Getting There is Half the Journey: Tanzania Edition


The longer I travel in Africa, the more apparent it becomes that adventure is unavoidable here if you’re trying to get anywhere. Many tourists here step right off the plane and into clean and comfortable safari vehicles, all together avoiding public transportation. There’s nothing at all wrong with this and I often dream about my few days here in a safari company car when I’m stuffed in an 11-passenger minibus with 25 other passengers, when I’m pushing a minibus up a hill in flip-flops, and when I’m fervently checking that my bags aren’t leaving any bus without me. Despite the inevitable chaos that comes with getting yourself around in Tanzania, I’ve learned a lot and made oodles (yes, oodles) of memories on public transport here. So, without further ado, let me tell you about them.
Daladala/ minibus: Like Kenya’s famed matatus, Tanzanias daladalas go everywhere all the time. They also have a habit of stopping to pick up every last passenger on the road, which causes them to be severely overcrowded. I’ve never ridden a daladala where every passenger is happily and comfortably in their seats and are not made to share this seat with 1,2, or 7 other passengers. The worst daladala yet, as mentioned above, was made for 11 passengers but was carrying 26. With this, I recommend that if you plan on taking a daladala you get in your seat and quickly say a prayer for safety to God, Allah, the Universe, and the Fates before the thing starts moving. Next, daladalas break down a lot in many different ways. One day we found ourselves piling out of the vehicle and pushing it up a hill. Then, once it got going, we were running and jumping in in true Little Miss Sunshine Fashion. Ladies first, at least. Other times the vehicle breaks down and the driver and other passengers and bystanders will spend a considerable amount of time just banging on parts of the car until it seems fixed for long enough to reach the destination. There are also buses a little bigger than daladalas called coasters and there are the glorious charter-type buses (Sumry bus line is the way to go!!). Sometimes the will have similar problems, but never quite as severely as the daladala. On the recent coaster ride to Matema Beach, we contemplated bargaining the price of the ride, as we spent half the route walking around deep mud holes. So what have I learned from riding on buses? Always wear good pushing and walking shoes, bring something to do in case…no, wait..because the bus will be hours late, and don’t be afraid to make jokes in Swahili about having a big butt…this might get someone to scoot over and give you an inch more of room.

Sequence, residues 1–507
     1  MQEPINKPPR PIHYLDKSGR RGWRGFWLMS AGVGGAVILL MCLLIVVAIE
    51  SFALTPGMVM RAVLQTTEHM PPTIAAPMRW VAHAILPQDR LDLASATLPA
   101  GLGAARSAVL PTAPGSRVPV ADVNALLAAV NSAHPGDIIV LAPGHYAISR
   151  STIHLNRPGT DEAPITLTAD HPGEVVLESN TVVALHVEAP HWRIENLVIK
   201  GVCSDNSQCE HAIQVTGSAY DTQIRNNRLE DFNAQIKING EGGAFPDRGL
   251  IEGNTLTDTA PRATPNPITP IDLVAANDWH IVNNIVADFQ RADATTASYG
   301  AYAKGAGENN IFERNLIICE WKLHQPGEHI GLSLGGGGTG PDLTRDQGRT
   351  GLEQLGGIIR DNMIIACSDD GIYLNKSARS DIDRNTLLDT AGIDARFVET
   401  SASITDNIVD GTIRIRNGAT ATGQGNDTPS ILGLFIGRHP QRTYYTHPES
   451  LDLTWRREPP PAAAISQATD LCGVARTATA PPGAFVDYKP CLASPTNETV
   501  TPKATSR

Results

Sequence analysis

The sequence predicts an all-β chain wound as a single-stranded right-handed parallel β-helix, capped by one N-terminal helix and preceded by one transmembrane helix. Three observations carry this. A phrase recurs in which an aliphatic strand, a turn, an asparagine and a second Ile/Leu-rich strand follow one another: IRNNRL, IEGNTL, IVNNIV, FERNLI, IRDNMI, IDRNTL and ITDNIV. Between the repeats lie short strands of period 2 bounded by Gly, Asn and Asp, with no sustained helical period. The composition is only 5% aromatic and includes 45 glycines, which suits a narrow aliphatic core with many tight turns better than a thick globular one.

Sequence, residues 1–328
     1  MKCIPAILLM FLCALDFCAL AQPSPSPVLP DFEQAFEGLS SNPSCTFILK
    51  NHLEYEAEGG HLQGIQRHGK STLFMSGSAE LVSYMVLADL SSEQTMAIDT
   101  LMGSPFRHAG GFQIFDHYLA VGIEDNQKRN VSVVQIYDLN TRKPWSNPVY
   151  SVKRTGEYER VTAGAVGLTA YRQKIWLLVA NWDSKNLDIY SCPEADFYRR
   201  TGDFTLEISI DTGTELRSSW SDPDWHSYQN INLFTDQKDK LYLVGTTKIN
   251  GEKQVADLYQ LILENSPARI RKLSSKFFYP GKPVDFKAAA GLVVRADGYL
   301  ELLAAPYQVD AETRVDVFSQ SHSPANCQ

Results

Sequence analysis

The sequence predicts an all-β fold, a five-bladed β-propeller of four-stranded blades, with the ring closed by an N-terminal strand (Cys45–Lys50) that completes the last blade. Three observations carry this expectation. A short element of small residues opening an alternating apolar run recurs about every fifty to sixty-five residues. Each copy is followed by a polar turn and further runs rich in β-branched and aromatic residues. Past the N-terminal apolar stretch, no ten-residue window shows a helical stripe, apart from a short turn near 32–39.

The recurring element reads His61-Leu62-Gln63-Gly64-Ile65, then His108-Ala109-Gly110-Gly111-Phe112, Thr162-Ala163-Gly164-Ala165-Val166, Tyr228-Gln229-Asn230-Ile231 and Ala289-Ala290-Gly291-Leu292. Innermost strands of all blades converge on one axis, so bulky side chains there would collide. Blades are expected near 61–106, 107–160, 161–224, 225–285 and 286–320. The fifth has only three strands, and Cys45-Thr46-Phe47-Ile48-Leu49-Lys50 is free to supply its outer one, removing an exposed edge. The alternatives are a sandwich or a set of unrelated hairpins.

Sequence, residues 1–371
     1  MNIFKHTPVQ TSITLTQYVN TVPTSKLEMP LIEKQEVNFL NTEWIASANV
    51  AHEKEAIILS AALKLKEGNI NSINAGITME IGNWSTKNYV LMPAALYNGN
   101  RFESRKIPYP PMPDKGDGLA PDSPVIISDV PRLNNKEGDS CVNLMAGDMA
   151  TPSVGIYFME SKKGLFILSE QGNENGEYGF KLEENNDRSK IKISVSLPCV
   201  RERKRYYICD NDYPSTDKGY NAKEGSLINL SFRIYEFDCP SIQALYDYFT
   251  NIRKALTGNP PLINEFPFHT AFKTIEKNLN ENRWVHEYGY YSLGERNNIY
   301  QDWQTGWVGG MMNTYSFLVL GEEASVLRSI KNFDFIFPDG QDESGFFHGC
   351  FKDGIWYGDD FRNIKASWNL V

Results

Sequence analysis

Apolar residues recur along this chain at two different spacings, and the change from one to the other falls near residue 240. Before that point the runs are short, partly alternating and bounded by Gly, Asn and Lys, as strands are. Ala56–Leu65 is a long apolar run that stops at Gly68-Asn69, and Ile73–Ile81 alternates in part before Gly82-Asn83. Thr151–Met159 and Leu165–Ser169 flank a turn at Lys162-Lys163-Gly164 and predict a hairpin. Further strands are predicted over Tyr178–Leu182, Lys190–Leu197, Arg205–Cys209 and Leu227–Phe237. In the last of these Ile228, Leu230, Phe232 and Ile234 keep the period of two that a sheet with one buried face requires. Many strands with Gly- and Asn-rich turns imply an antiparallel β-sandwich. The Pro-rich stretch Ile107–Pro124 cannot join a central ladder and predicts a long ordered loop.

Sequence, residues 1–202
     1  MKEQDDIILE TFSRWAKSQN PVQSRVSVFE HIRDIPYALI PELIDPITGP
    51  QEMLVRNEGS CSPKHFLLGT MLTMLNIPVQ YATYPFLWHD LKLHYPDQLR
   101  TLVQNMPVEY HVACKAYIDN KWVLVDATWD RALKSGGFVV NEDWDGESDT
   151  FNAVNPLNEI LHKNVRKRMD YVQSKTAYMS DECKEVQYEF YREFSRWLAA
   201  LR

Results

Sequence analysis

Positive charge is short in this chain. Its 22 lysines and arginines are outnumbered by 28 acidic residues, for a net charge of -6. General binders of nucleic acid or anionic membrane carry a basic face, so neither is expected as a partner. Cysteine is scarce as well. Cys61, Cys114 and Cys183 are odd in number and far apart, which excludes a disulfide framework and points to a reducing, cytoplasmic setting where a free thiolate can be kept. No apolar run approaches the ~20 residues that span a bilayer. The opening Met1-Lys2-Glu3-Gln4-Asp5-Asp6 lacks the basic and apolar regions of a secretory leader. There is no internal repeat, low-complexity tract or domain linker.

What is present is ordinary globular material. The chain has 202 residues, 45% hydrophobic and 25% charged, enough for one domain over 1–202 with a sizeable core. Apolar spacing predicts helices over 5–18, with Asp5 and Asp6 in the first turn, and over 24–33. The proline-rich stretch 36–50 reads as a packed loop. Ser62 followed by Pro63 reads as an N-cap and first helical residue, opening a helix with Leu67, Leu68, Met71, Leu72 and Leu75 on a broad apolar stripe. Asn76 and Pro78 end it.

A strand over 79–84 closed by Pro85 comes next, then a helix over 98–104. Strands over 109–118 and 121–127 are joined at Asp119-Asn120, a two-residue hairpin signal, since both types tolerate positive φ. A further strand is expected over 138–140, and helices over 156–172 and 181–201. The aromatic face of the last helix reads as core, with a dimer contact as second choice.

Wooden canoe: If you’ve been reading this blog, you know all about our recent wooden canoe debacle at Matema Beach. Yes, we did come dangerously close to sinking a boat. Yes, our boat was saved and bailed out by a man in his underwear. In the end, we made it to our destination market and, in noticing our subsequent seasickness, walked back to our hotel. I learned here that I’m not meant to be a boatwoman, that most Tanzanians will help you when they see you are in peril (or sinking their boat or their friend’s boat….), and to always laugh at your mistakes.